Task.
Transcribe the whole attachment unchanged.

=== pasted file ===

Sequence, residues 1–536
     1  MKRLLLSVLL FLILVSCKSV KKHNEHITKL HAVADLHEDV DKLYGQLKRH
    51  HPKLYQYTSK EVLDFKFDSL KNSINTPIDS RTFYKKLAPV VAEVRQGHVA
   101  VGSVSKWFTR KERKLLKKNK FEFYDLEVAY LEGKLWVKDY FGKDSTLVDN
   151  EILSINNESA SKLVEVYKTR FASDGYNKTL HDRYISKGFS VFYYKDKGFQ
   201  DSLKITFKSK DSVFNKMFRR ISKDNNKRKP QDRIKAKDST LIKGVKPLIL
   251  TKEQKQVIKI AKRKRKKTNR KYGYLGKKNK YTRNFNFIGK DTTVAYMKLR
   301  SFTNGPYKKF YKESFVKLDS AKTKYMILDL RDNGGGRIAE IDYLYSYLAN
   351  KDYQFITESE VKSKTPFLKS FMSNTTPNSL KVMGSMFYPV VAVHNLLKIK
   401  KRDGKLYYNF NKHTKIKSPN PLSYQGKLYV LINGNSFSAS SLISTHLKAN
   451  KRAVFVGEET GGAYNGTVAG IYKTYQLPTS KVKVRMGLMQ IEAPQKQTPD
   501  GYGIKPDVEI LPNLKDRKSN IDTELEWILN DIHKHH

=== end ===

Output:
Sequence, residues 1–536
     1  MKRLLLSVLL FLILVSCKSV KKHNEHITKL HAVADLHEDV DKLYGQLKRH
    51  HPKLYQYTSK EVLDFKFDSL KNSINTPIDS RTFYKKLAPV VAEVRQGHVA
   101  VGSVSKWFTR KERKLLKKNK FEFYDLEVAY LEGKLWVKDY FGKDSTLVDN
   151  EILSINNESA SKLVEVYKTR FASDGYNKTL HDRYISKGFS VFYYKDKGFQ
   201  DSLKITFKSK DSVFNKMFRR ISKDNNKRKP QDRIKAKDST LIKGVKPLIL
   251  TKEQKQVIKI AKRKRKKTNR KYGYLGKKNK YTRNFNFIGK DTTVAYMKLR
   301  SFTNGPYKKF YKESFVKLDS AKTKYMILDL RDNGGGRIAE IDYLYSYLAN
   351  KDYQFITESE VKSKTPFLKS FMSNTTPNSL KVMGSMFYPV VAVHNLLKIK
   401  KRDGKLYYNF NKHTKIKSPN PLSYQGKLYV LINGNSFSAS SLISTHLKAN
   451  KRAVFVGEET GGAYNGTVAG IYKTYQLPTS KVKVRMGLMQ IEAPQKQTPD
   501  GYGIKPDVEI LPNLKDRKSN IDTELEWILN DIHKHH